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VMI hopes to walk away a winner in its final season in the Big South Conference.
Courtesy of VMI
VMI senior quarterback Eric Kordenbrock hopes to play a role in changing the culture of a struggling football program that has not had a winning season since 1981.
Sunday, August 25, 2013
LEXINGTON — The schedule. It’s the biggest ally this fall for a VMI football program that has won only nine of 44 games the past four years.
A menu that includes home dates with a pair of Division II schools — Glenville State and North Greenville — and a pair of eminently winnable home games against fellow FCS foes Robert Morris and Bucknell has the Keydets flowing with optimism heading into their final season in the Big South.
Certainly, the Big South has been nothing but big trouble for VMI football. Since joining the league in 2003, the Keydets are 11-38 in conference play.
That said, VMI would like to deliver a parting shot or two before packing up and filing to the Southern Conference next summer.
“This is by far the best schedule we’ve had,” fifth-year senior starting linebacker Wes Reber said. “We dropped one game — Stony Brook is out of our conference — and we have only five other teams in our conference. We have been talking about how much of a chance we have.”
While the Keydets will be huge underdogs in their Aug. 31 opener at Richmond and Sept. 21 trip to Virginia, they will have a shot to enter October with a winning record for the first time under sixth-year Sparky Woods if they can take of business against Glenville State (Sept. 7), North Greenville (Sept. 14) and Robert Morris (Sept. 28).
“Every team can beat you, that’s for sure,” Woods said. “Believe it or not, I think we’ve won just about every game we’ve been favored in since I’ve been here. I don’t think football is that complicated. I think it’s get players, develop players and have a fair schedule. And I do think there’s some fairness to this schedule.”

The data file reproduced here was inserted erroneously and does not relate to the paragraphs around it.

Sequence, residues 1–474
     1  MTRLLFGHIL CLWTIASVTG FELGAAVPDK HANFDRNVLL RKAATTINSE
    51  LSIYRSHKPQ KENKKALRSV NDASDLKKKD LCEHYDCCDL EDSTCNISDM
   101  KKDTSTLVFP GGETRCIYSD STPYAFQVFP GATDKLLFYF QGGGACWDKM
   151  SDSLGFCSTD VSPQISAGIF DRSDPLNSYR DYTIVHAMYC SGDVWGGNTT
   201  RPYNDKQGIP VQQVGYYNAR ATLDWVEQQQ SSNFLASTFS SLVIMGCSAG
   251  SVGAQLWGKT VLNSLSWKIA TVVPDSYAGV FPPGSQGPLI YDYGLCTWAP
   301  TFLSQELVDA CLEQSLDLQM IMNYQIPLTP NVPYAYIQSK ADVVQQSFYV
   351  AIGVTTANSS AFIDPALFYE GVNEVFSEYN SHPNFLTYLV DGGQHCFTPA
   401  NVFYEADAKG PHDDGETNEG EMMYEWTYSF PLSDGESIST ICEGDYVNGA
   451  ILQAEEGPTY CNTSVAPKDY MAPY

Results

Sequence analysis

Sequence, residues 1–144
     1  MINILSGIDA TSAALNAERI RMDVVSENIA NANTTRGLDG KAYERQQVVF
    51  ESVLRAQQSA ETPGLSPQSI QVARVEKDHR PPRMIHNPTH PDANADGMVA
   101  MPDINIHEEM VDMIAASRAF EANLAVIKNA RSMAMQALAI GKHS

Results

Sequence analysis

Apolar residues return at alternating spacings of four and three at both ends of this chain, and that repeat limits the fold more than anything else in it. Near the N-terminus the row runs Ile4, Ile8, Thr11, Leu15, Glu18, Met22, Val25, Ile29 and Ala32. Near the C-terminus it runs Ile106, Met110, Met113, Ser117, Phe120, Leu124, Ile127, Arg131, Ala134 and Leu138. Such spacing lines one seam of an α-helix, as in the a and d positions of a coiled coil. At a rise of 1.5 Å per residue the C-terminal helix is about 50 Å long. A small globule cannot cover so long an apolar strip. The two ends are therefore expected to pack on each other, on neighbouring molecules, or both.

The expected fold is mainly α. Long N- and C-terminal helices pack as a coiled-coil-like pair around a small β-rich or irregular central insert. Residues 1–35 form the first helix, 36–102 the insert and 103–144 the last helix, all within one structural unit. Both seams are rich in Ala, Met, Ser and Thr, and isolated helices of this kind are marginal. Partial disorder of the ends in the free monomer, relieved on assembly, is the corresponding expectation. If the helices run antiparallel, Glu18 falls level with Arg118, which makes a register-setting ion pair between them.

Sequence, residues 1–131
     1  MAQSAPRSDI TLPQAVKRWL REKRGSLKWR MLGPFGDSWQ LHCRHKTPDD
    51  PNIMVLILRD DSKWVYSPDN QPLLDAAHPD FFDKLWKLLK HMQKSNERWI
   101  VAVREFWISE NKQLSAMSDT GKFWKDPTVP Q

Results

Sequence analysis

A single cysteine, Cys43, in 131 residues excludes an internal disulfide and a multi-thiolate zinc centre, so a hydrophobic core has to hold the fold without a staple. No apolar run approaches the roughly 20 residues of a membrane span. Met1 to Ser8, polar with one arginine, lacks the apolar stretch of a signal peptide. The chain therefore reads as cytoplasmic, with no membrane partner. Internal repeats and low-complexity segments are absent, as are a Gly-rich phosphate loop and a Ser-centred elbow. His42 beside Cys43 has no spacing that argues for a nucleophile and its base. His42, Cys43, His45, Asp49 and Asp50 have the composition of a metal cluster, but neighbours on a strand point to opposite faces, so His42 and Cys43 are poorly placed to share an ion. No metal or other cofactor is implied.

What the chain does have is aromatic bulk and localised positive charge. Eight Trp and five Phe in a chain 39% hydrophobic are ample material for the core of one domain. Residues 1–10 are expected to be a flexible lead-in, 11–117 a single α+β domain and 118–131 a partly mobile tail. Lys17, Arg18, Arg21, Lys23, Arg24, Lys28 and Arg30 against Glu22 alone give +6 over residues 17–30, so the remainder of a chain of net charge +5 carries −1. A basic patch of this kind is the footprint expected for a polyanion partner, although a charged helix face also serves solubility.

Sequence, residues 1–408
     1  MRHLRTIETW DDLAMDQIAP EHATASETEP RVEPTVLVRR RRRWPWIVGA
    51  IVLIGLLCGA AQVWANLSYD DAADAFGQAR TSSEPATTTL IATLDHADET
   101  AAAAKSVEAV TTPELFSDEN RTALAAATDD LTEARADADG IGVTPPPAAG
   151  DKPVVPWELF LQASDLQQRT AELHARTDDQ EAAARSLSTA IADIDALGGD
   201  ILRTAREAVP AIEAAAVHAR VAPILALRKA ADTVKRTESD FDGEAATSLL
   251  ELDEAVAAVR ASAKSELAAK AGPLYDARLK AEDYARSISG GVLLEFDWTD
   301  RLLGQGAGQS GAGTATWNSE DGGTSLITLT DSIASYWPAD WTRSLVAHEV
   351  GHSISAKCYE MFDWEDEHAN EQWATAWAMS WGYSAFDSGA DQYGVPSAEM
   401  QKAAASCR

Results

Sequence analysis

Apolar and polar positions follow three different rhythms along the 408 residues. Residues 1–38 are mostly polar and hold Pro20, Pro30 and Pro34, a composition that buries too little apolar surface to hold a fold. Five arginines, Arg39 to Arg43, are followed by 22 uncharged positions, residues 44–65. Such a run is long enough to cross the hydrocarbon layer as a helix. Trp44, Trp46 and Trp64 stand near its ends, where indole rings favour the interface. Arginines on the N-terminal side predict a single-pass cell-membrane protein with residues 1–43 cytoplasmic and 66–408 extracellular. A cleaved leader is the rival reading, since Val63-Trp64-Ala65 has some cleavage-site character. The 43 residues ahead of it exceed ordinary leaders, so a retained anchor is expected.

In addition to the schedule, Woods and his players unanimously agree that this is the most talented team — 15 returning starters — VMI has fielded in any’s stay on post.
“This is the best opportunity we’ve had,” said Woods, whose VMI coaching record is 13-42, including 7-22 in the Big South.
“We’ve got guys who have played, and they know what we’re trying to do, and they understand the people we are playing now, too. I’m real excited about our chances. I respect the people we play, and I realize that we’re still going [to] be underdogs in many of those games. But I feel pretty good about the team going in.”
It all starts with the trigger man on offense. For the fourth straight year, Eric Kordenbrock will be the team’s starting quarterback. The 6-foot-4, 220-pound Gibsonia, Pa., native stands fourth on VMI’s career passing list with 4,523 yards.
Forget those numbers. The only figure Kordenbrock cares about is the team’s record. When asked how sweet it would be if VMI could pick off “five or six wins” this fall, Kordenbrock smiled and replied: “Oh, it would be awesome.”